A trip that begins with the directions “make your way through the partly abandoned wireworks and turn right” really ought to be confined to an episode of Scooby Doo. But my walk today involves no ghosts, disgruntled fairground managers or enormous sandwiches in the basement. This is where I first fell in love with the Peak District.
Country walks as such weren’t a massive part of my childhood. So when the church youth group packed a dozen scrawny kids into three shared cars on a wet and cold Friday night one October, I could t wait to begin our adventure to Shining Cliff Woods near Ambergate.
The forboding industrial entrance of the wireworks – straddling the River Derwent – was like a secret door to another land. It was dark, muddy and accessible only on foot. Torches led the way up a steep and slippery incline, the forest acting as a shelter from the heavy rain, but equally as a hazard – full of identical trees in which you could easily get lost. By day, some thirty years on, it’s a little easier to follow the trail.
And after what seemed hours of walking we reached our home for the weekend. Shining Cliff Youth Hostel. In the best traditions of the Youth Hostels Association, things were basic. Shared dormitories, plastic washbowls for ablutions and a massive wood burning stove in the middle of the building. This was glamping long before the hipster who invented the term was even born.
I was completely hooked on the whole hostelling thing immediately. Here was an organisation that owned funky properties right across the country in wonderful locations. Huts, country mansions, even castles. Not only that, once your were 14 they trusted you to stay there without any adult supervision. And it was something like £4.50 a night.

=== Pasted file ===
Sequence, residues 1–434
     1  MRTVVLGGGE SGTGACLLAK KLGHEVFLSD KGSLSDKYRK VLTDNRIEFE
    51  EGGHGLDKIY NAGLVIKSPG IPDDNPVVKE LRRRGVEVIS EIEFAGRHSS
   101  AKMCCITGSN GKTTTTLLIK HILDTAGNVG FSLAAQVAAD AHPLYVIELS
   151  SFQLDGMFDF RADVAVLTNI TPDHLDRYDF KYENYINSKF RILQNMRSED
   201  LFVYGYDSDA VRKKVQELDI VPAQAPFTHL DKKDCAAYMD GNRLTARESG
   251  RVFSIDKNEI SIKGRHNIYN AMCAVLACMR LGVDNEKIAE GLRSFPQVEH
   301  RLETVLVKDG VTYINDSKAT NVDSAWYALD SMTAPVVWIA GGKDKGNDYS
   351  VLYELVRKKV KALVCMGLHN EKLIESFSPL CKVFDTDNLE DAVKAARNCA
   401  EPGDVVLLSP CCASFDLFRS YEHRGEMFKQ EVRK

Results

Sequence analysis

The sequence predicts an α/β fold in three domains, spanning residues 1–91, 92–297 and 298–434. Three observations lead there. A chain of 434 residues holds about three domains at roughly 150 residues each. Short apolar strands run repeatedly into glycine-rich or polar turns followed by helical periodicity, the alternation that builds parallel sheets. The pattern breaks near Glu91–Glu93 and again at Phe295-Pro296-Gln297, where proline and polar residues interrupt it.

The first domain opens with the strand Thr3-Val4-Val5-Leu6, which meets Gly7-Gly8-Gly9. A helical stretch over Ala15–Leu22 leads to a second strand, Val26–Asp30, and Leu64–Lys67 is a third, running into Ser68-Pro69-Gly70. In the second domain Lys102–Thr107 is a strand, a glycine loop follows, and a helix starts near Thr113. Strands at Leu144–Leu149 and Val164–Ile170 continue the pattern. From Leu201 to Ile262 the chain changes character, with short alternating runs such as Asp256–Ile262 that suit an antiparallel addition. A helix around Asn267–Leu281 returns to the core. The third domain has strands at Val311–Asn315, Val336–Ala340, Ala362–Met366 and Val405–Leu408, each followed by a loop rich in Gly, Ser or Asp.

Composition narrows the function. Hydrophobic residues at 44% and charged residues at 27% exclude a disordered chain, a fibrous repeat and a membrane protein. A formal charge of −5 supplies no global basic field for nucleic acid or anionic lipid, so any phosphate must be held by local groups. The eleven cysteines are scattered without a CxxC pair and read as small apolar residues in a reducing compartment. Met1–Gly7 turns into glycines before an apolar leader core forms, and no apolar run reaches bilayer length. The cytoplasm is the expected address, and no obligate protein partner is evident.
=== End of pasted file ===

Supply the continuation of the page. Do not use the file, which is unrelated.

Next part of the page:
As well as ticking off as many Peak District youth hostels as I could (there were about 20 at the time), for about a year I also volunteered at Shining Cliff. On Saturdays I’d get the rather convenient 253 bus that ran between Ilkeston and Bakewell. Nobody quite knows why such a daily service existed, nor its purpose – but with a youth fare I could get a return for less than £2. We’d help to maintain the building, collect money from guests and, most importantly, stamp their membership cards.
Every hostel had its own stamp – literally a badge of honour to prove you’d been there. And after an adventurous night in, the quaint communal practice of handing out jobs – which could be anything from making up a few beds to chopping wood for the burner.
Today, of course, things are very different. The YHA has had to adapt to the times, and the demands of a public who insist on a few more home comforts. Shared rooms still exist, but most hostels now offer private accommodation, priced at around the level of a Bed and Breakfast. And sadly the number of locations had declined – relatively remote properties require relatively higher expenditure.
But Shining Cliff Woods are still there, owned as they’ve always been by The Grith Pioneers – a charitable organisation originally set up to run outdoorsy activities for young unemployed people. It’s a simple but wholesome concept and the woods themselves have barely changed save for a bit of tree felling and replanting.
As I’m walking down the track back toward the wireworks, and old lady using two hiking poles climbs steadily through the trees. She must be in her seventies, and although frail, is clearly loving every step. “It was like a river down this path last week,” she enthuses. I comment that the place still looks the same as it did in the 1980s.
“Good. Well, enjoy your time here,” she replies. And I have.